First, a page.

Shopkeepers pulled down the shutters early yesterday in Bilbao, the Basque port city regenerated by Frank Gehry's swooping aluminium-clad Guggenheim museum, to join a silent march across the rainswept streets.
Tens of thousands of protesters, many with bowed heads and sporting black ribbons, filed silently through the twilight streets as Basques came out en masse to condemn Spain's worst terror attack. In the neighbouring northern cities of San Sebastian and Vitoria, the political capital, bus and train services stopped as local people expressed anger and condemnation at the rush-hour train blasts that killed 199 people in Madrid on Thursday.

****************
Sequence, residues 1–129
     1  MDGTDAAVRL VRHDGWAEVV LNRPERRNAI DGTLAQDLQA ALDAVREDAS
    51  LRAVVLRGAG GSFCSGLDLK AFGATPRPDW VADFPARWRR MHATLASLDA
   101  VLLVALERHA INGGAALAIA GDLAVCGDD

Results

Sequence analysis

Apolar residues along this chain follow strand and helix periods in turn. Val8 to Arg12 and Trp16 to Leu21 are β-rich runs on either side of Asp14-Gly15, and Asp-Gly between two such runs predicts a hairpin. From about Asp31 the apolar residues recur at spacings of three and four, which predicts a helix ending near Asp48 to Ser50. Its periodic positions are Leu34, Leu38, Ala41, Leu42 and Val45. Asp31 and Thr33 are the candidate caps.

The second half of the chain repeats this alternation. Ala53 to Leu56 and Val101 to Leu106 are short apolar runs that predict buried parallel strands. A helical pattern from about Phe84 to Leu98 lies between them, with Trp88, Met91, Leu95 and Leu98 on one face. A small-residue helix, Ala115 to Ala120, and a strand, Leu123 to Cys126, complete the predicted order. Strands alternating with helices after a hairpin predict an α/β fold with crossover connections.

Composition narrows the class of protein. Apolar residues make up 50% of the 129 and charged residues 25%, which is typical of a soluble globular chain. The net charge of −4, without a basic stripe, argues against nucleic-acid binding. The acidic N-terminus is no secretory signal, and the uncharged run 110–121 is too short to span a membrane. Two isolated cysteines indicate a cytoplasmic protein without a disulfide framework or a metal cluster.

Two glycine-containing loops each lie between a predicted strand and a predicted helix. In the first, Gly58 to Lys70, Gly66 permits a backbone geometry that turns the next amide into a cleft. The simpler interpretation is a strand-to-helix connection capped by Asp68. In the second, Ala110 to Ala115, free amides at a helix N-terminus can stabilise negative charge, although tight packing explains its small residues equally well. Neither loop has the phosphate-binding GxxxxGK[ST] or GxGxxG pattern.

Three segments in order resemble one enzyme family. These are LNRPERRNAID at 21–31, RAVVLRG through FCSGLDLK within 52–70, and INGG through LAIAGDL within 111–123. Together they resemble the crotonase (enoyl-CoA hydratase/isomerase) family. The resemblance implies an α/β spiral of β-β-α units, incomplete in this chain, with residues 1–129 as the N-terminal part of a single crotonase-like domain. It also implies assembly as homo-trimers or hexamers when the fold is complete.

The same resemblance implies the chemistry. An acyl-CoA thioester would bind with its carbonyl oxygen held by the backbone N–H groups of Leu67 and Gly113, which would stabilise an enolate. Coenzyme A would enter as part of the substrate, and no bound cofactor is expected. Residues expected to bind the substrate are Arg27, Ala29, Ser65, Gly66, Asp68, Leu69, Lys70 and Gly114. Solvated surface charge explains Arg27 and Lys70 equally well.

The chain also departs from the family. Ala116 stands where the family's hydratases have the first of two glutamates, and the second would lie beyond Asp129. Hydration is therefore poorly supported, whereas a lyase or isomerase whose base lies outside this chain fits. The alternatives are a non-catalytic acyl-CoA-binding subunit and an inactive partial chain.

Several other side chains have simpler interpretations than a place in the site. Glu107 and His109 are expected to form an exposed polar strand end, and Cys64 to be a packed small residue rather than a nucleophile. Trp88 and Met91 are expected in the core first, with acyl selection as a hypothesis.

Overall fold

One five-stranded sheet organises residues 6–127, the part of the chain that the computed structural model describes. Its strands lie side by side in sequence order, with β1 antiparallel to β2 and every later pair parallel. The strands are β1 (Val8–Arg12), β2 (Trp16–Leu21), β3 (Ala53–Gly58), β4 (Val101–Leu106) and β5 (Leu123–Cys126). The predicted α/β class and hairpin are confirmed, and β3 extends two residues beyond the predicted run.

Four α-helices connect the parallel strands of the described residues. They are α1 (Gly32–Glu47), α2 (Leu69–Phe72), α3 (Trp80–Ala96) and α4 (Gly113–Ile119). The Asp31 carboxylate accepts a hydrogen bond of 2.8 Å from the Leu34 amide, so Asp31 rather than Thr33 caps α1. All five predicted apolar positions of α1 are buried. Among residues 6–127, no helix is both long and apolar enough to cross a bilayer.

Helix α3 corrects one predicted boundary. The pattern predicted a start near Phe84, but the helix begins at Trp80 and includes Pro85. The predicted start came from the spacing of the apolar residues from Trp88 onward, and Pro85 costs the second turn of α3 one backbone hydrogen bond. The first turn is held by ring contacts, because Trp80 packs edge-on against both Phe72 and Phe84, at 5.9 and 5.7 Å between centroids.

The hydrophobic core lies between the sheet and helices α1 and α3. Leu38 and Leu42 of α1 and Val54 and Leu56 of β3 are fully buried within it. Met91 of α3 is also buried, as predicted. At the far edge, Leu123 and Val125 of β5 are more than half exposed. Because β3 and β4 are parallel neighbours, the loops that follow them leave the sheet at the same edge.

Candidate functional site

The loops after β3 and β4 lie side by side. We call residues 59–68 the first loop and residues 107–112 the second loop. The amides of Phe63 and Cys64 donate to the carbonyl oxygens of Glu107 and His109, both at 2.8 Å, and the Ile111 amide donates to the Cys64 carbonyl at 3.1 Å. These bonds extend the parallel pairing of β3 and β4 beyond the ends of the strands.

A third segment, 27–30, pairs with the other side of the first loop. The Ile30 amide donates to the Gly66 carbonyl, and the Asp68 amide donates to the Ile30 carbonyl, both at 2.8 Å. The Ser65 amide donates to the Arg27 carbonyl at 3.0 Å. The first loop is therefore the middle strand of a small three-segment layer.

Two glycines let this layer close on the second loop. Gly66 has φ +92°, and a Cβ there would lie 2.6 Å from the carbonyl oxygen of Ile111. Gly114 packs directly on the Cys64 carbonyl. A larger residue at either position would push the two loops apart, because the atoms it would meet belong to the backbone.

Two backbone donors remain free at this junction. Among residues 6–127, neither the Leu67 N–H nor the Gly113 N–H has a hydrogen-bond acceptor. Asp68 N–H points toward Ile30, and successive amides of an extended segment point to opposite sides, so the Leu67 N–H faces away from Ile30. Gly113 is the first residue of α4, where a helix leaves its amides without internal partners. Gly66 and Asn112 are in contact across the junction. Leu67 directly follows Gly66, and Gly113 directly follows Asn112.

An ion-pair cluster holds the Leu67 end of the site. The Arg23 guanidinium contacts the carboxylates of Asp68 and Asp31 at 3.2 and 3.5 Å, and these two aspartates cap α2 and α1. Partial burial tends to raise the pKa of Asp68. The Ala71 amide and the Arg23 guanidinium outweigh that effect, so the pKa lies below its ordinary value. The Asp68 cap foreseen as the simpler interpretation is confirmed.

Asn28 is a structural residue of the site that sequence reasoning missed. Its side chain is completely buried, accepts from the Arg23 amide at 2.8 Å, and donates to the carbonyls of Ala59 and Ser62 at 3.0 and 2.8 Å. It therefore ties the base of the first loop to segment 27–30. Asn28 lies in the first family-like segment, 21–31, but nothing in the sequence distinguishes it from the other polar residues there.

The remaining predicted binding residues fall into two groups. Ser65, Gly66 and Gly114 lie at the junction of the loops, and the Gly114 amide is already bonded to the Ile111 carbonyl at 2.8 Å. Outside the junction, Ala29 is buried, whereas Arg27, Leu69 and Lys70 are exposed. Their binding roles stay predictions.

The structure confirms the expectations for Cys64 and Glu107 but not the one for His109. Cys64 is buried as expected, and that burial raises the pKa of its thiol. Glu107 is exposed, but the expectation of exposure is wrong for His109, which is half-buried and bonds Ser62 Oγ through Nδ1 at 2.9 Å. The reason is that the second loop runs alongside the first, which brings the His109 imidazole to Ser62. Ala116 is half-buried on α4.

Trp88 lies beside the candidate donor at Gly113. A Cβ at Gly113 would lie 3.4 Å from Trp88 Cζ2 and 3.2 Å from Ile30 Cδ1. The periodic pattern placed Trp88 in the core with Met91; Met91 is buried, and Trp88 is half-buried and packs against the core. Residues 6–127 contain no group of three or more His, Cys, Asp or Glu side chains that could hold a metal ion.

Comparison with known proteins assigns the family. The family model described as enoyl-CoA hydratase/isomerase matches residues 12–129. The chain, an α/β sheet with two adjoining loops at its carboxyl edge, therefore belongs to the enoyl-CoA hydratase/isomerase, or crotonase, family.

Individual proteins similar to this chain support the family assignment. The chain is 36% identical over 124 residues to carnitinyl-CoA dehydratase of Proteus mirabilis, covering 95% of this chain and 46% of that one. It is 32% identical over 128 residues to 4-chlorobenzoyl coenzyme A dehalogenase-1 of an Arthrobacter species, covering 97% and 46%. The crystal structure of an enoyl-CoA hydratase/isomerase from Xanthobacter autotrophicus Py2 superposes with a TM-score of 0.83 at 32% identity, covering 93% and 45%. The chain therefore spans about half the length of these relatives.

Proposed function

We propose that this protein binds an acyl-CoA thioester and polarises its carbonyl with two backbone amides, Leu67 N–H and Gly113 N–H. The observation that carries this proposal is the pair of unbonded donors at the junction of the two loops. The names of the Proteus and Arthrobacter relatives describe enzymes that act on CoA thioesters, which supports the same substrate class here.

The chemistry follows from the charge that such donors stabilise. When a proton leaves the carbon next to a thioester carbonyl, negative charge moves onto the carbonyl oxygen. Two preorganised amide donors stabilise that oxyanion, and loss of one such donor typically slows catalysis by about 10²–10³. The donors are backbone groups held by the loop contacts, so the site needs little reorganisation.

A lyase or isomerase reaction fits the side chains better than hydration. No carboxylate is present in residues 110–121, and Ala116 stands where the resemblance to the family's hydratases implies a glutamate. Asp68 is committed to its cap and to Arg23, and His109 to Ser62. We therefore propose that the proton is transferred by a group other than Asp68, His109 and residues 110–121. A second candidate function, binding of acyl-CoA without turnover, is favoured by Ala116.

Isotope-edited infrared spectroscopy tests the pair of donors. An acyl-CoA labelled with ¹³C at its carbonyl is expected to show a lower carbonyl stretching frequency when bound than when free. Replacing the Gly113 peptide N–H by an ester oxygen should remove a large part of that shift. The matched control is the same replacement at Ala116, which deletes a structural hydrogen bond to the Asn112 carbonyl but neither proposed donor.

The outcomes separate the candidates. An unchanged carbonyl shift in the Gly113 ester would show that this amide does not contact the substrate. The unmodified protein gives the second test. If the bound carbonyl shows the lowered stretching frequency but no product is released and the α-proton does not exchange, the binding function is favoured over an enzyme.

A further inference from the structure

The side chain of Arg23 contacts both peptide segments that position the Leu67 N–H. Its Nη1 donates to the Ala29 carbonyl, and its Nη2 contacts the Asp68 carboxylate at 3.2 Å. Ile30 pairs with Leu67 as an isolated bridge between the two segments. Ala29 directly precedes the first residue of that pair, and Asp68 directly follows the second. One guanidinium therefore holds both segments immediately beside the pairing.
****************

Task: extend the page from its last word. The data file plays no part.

The solemn demonstrations - which came as the Spanish government sought to determine whether Eta, the Basque separatist militant group, or al-Qai'da were responsible - were in towns across the rugged hill region, where Eta has waged an armed campaign to achieve sovereignty since the late 1960s.
"We are all still waiting to see who is responsible for the attacks," Javier Fernandez, a journalist with the Bilbao-based Deia newspaper told The Independent. "But 99 per cent of the people in the Basque country reject the attacks and stand shoulder to shoulder with the victims of the blasts." He said support for the silent protests had been "massive". The newspaper appeared with a black border yesterday.Reuse content